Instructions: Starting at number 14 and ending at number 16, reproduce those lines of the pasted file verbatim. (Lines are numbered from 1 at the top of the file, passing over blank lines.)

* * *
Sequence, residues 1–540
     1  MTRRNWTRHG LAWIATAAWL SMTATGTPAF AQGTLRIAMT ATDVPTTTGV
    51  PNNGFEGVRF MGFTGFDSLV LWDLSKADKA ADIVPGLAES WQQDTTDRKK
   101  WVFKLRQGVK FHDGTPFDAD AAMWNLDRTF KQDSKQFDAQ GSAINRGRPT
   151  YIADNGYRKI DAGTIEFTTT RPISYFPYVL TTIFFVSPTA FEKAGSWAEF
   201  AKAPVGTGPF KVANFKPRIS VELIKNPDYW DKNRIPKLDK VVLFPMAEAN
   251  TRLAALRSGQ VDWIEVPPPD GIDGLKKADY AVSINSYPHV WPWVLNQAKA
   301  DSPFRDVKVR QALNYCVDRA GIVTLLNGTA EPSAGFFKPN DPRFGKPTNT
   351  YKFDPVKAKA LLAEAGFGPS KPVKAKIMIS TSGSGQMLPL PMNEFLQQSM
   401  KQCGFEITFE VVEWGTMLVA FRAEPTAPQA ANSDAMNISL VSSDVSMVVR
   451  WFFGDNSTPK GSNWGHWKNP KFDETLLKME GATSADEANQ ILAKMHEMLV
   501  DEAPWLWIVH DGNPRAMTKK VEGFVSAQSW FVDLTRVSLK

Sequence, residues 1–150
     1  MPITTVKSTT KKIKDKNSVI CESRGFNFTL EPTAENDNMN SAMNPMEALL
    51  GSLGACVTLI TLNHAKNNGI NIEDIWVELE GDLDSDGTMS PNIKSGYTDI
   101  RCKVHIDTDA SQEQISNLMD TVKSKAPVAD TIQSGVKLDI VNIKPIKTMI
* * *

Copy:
     1  MPITTVKSTT KKIKDKNSVI CESRGFNFTL EPTAENDNMN SAMNPMEALL
    51  GSLGACVTLI TLNHAKNNGI NIEDIWVELE GDLDSDGTMS PNIKSGYTDI
   101  RCKVHIDTDA SQEQISNLMD TVKSKAPVAD TIQSGVKLDI VNIKPIKTMI